This book explores the ways in which diversity and experiences of marginalisation are present in forensic mental health care settings around the globe and suggests ways of moving forward.

Forensic mental health services provide care for a group of patients who are marginalised in several respects. Many have experienced childhood adversity and abuse, substance use, serious and chronic mental disorders, poor healthcare education or treatment, inadequate educational opportunities, social isolation, and pervasive forms of stigmatization. On top of these individual experiences of marginalisation, wide diversity exists across patients’ socio-demographic, cultural, and clinical characteristics. Chapters in this book discuss these crucial and often sensitive problems, such as working with transgender prisoners, the impact of incarceration for children from non-white backgrounds, cultural and linguistic diversity in forensic settings, and more.

Combining global perspectives, current evidence and case studies, this book will be of interest to patients, carers, practitioners, researchers, and students of forensic mental health.

part 1|17 pages


chapter Chapter 1|6 pages

Marginalisation and diversity in forensic mental health care

An introduction
ByJack Tomlin, Birgit Völlm

chapter Chapter 2|9 pages

The US Criminal Justice System

The experience of racially marginalised people
ByBrittany A. Wells, Antoinette Kavanaugh

part 2|52 pages

Marginalised and diverse social characteristics

chapter Chapter 3|9 pages

Intersectional inequalities and women in secure settings

ByJayne Taylor, Tammi Walker

chapter Chapter 4|10 pages

Transitional spaces

Working with transgender prisoners in the United Kingdom
ByJessica Collier, Rebecca Lockwood, Frances Maclennan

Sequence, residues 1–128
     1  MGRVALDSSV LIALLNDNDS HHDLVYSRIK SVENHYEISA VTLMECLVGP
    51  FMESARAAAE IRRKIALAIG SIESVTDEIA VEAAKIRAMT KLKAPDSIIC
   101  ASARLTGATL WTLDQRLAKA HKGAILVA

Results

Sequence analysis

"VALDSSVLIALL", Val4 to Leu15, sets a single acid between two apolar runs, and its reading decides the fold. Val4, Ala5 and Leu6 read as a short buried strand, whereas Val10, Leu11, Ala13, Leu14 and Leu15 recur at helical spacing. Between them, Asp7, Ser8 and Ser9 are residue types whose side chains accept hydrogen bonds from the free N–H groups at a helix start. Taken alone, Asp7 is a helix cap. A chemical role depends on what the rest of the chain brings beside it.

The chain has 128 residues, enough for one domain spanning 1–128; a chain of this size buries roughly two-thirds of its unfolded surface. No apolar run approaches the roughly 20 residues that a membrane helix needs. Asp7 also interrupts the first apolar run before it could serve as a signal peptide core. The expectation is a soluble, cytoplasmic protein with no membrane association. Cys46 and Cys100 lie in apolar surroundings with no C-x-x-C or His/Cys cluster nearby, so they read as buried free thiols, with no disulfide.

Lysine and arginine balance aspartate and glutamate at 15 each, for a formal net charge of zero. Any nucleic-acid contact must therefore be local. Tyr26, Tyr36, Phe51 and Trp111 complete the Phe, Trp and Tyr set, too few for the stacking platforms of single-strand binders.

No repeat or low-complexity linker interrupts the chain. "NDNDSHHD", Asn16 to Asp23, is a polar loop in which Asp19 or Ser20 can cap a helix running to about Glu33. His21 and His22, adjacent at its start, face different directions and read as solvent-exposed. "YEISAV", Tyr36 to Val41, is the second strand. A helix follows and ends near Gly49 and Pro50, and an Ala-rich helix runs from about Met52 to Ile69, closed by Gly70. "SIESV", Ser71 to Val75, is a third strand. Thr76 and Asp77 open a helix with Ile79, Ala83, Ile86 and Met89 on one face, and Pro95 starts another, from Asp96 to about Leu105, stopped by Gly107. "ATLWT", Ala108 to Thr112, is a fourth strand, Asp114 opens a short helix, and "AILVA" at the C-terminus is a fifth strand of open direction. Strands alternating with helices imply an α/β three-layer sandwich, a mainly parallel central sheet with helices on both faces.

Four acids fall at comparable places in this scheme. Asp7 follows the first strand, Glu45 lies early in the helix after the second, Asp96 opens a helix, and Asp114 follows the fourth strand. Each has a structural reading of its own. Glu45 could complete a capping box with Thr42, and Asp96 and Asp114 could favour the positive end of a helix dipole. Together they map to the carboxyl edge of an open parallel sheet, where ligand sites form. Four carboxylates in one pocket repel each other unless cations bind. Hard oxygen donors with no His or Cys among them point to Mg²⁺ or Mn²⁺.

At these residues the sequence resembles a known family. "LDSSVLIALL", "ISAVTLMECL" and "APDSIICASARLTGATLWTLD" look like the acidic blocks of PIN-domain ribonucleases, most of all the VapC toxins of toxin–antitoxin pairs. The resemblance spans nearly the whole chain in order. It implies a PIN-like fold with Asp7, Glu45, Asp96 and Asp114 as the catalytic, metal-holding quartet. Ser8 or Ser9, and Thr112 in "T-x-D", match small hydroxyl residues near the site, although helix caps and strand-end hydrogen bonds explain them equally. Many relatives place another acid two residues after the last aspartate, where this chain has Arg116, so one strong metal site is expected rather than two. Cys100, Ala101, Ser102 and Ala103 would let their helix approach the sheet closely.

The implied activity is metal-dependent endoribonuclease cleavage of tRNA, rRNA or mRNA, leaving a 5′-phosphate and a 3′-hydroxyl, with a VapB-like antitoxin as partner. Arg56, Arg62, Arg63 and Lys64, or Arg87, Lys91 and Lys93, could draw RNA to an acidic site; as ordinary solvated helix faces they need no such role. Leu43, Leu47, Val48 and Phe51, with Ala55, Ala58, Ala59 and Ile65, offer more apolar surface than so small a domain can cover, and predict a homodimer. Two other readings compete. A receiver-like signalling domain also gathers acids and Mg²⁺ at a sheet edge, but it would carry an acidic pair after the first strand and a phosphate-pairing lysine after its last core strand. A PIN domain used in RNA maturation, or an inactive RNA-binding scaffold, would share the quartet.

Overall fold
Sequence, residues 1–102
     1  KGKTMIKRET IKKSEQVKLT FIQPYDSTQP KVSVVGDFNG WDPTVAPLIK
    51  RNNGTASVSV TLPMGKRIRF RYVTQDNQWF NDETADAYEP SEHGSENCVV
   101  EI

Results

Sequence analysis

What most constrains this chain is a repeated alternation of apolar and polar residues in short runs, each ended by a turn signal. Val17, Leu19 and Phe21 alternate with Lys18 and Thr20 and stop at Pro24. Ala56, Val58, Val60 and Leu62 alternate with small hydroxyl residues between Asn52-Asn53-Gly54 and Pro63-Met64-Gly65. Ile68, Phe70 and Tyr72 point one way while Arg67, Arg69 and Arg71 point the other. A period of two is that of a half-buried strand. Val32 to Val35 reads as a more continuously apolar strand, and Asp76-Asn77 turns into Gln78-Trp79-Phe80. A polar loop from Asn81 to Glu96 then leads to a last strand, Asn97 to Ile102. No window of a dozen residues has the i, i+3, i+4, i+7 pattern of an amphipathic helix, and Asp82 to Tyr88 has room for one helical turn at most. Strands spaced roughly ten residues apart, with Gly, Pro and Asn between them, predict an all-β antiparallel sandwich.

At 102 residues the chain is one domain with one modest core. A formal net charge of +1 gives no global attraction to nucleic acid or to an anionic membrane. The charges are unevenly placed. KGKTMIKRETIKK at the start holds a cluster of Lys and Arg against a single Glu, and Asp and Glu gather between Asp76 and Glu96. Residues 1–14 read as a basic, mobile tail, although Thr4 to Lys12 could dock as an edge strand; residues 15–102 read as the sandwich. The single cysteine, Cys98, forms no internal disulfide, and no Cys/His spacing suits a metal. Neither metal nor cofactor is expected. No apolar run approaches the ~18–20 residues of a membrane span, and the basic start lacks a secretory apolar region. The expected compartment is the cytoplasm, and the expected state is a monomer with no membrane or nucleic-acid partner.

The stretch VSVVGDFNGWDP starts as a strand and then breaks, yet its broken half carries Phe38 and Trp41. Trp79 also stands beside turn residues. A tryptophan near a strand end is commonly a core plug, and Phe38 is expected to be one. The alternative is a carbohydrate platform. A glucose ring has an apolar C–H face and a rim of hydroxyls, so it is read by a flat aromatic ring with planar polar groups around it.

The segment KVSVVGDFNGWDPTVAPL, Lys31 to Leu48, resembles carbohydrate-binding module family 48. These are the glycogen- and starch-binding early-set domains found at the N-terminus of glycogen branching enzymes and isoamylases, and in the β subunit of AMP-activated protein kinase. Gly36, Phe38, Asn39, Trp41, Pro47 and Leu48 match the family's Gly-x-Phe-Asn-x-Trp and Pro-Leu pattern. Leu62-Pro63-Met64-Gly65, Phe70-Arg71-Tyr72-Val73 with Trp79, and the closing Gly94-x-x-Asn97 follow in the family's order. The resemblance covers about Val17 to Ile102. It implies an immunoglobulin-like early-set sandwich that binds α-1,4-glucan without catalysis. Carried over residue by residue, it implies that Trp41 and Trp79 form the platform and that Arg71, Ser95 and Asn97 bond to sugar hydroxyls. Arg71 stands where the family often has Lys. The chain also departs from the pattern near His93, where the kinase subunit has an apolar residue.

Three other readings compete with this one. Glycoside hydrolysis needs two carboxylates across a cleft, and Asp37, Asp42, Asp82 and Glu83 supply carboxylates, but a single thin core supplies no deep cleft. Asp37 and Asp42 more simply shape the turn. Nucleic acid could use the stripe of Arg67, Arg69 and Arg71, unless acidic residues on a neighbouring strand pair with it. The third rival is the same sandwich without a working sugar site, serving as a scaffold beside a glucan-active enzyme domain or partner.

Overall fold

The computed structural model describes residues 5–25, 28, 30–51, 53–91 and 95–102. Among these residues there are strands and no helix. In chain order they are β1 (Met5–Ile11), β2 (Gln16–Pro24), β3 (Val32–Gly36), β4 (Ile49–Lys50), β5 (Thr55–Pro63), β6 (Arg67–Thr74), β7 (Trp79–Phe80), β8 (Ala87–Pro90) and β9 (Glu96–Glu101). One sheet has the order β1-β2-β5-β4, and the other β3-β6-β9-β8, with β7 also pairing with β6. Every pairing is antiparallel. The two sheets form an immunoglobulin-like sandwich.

chapter Chapter 5|11 pages

Children in custody

The context and impact of incarceration
ByCelia Sadie, Clare Holt, Andrez Harriott, Sophie D'Souza, Javel Watt

chapter Chapter 6|11 pages

Ethnic minority forensic patients in the German Federal State of Baden-Württemberg

ByThomas Ross, María Isabel Fontao, Annette Opitz-Welke, Jan Bulla

chapter Chapter 7|9 pages

Fathers in forensic mental health services

ByMichelle Wells, Sara Morgan, Leigh Gale, Christopher Hartwright

part 3|43 pages

Marginalised and diverse clinical characteristics

chapter Chapter 8|11 pages

Autism in forensic settings

ByEmma Longfellow, Julia Skelding

chapter Chapter 9|10 pages

Learning disability and forensic mental health

ByJulia Skelding, Emma Longfellow

chapter Chapter 10|11 pages

The problematic nature of transitions amongst adolescents with multiple and complex needs in secure care

An overview of institutional transitions
ByMaria Livanou, Vivek Furtado

chapter Chapter 11|9 pages

‘Long-Stay’ in forensic mental health

ByBirgit Völlm

part 4|33 pages

Developing responsive interventions and models of care

chapter Chapter 13|10 pages

The Elders Project

Bringing Black African-Caribbean collectivism in from the outside
ByBeresford Dawkins, Dawn M. Sutherland, Kimberly Sham Ku, Patrick Bennett, Abdullah Mia

chapter Chapter 14|11 pages

Working in multicultural forensic settings

An integrated model of assessment
ByStephane M. Shepherd, Mary O. Madu

part 5|44 pages

Communicating with marginalised groups

chapter Chapter 16|9 pages

Including older forensic service users in research

ByRenske Visser, Janet Parrott, Fiona Houben, Douglas MacInnes

chapter Chapter 17|14 pages

Men in ‘Limbo’

Masculinities in medium-secure care in Scotland
ByChristine Haddow

chapter Chapter 18|10 pages

Carers and forensic services

Towards carers' peer support
ByKaren Machin, Shelagh Musgrave, Karen Persaud, Julie Ridley

part 6|6 pages


chapter Chapter 19|4 pages


Pulling towards justice
ByJack Tomlin, Birgit Völlm